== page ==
I have always participated in some kind of form of physical activity.

I was a gymnast when I was young, loved the fact I could walk on my hands, do the splits, back flips etc. When I was at school, I did netball and rounders and was on the team.  At secondary school I did more netball, rounders and the high jump but then you leave school, and you do not focus on your physical health.  I met Jeff when I was 15 and it was holidays, drinking and having a good time.

We married young when I was 21 and I started doing some aerobics twice a week, going to a class and even then, helping out on the stage showing people what to do.  I was always ok with exercise.  And it fitted a need, to eat and drink more you needed to burn the calories off. So, I did.

I started running when I was in my mid 30s and got, the “bug”. The adrenaline high that you get and developed this into longer runs getting towards 11 miles and more.  I thought about a ½ marathon, but I wasn’t competitive, that wasn’t in my mind, it was still a means to and end, the benefits that running gave you.

When I was pregnant with Regan, I kept running for quite a while, it got uncomfortable with the big belly and I dropped back to the aerobic exercise.  I was still doing the aerobics 2 weeks before I gave birth to Regan, I knew I wanted to “bounce back” from pregnancy without the extra weigh gain that it gave and I did.  I was back into running not long after.  Little did I know that breast cancer was growing.

After Regan was born, we did want another child.  Both were planned, he was a fantastic baby.  Sleeping through at 8 weeks old.  “Breast is best” and I breast fed him of course.  And the same happened with Faron. A fantastic baby, breast fed, sleeping through. The shock came after she was born and at 5 months old, I was diagnosed with breast cancer.

Our world fell apart, and I went through a radical latissimus dorsi breast reconstruction, chemo, radiotherapy, tamoxifen for 5 years and spat out the other side feeling just awful, not in any great condition and not like myself.  I realized that I needed to listen to my body like I had when pregnant and continued doing the physical activity that I craved and needed.  At this point I was cycling with a friend as well, so I got back to it and started to feel better as well as running.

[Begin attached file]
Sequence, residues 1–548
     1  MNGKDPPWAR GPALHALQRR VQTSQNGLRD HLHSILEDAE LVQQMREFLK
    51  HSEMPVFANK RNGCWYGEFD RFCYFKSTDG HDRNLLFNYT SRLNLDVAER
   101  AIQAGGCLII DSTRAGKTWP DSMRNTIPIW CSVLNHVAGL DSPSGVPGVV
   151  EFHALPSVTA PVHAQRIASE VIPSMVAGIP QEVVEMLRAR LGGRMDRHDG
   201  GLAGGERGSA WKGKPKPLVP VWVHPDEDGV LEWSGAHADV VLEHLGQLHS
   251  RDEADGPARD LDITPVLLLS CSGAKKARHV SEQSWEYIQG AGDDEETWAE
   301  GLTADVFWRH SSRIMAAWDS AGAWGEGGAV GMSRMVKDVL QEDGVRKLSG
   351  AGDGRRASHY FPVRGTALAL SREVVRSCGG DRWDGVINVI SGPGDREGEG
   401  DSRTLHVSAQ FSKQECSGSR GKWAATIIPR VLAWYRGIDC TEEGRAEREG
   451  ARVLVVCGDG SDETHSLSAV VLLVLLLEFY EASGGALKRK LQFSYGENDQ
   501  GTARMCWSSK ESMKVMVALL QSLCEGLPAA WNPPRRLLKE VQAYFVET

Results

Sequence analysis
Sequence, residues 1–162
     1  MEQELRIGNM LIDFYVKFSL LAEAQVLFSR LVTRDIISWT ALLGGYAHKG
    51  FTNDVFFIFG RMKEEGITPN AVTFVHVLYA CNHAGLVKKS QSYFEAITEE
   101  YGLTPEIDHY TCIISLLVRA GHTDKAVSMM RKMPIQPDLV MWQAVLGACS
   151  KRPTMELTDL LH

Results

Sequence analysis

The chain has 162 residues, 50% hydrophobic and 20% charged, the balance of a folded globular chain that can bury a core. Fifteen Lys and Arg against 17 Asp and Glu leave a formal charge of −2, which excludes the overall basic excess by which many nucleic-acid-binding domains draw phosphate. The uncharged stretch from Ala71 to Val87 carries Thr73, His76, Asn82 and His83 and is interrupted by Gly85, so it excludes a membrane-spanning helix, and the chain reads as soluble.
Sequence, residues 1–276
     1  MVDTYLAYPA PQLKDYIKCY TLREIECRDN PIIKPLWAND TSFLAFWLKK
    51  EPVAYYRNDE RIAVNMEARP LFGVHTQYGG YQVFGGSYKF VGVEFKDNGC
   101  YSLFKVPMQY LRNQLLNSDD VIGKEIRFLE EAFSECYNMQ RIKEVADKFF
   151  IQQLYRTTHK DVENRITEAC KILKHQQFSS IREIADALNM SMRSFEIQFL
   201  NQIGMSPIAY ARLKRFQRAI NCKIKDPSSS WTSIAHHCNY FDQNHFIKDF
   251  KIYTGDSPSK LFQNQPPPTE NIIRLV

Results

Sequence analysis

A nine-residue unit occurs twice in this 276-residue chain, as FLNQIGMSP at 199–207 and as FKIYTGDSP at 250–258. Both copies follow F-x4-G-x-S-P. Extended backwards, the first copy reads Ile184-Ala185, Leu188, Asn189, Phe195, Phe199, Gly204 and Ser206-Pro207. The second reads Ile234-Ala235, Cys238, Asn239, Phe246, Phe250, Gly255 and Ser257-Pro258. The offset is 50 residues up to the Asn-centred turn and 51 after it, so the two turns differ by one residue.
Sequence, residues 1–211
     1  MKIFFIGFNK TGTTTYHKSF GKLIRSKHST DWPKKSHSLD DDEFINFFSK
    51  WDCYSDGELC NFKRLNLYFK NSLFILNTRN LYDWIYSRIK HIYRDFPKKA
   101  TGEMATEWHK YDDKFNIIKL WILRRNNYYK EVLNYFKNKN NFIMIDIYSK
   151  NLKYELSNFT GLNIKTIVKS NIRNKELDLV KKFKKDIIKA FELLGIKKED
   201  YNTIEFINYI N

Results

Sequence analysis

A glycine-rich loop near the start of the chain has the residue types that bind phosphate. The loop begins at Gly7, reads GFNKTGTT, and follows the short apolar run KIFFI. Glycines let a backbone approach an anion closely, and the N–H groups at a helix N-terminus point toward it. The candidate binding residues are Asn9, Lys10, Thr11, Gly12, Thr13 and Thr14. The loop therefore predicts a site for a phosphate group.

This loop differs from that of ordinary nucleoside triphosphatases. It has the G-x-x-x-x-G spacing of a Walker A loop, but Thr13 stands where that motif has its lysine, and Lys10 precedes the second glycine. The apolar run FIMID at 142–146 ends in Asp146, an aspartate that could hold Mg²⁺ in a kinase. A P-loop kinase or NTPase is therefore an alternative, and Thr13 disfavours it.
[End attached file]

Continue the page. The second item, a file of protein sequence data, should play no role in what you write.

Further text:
When you are diagnosed with cancer, people tell you to take it easy.  Yes, chemotherapy is hard but from the recent reports such as ‘Exercise as a treatment for depression’ this sitting and doing nothing can be the wrong thing to do.  Your wellbeing has so much to do with both your physical AND mental wellbeing. I know cancer affects everyone differently but physical activity, I believe, does help with your physical wellbeing, and gives you a focus and a buzz to get out.  The mental wellbeing that it can provide is an immense help as a patient.  It’s also a vicious circle, we are ill, we eat, we put on weight, we get upset about it.  If you are in this circle, you’ll understand the scenario.

I was talking to a friend the other day who has gone back to work in a high powered job, and she said how much her brain has switch on and become much more sharp (she’s already sharp) but again, it’s using the brain which is a muscle and when you do that you give it a work out.  It’s why I work doing advocacy work, I keep my brain healthy too!

The scenario after Christmas; gyms are full of people starting out on New Year’s resolutions to keep fit, but this must change. We must think about physical activity as a way of life.  If we are not doing it, why are we not doing it?  You MUST make time.  There are so many different things to try, there is something for everyone, it’s just a case of working out what’s right for you.  The NHS recommendations for adults are to undertake ‘at least 150 minutes of moderate aerobic exercise every week’ and strength exercises for major muscles.

Everyone who knows me sees how energetic I am and asks how I keep exercising? My answer because it helps me hugely. There is research now that explains that it helps to reduce the risk of recurrence from primary breast cancer but there’s much more that it helps with, from diabetes, to heart problems, to cancer.

There’s interest in how to support people with bone metastasis and living well with metastatic breast cancer but this study is showing that recommending aerobic and résistance exercise has beneficial impacts on QOL in patients with MBC.

PERSPECTIVEs on supervised exercise programs in people with metastatic breast cancer- a qualitative study in four European countries – PubMed (nih.gov)

What a better reason to do physical activty than to try to help risk reduce cancer or a recurrence?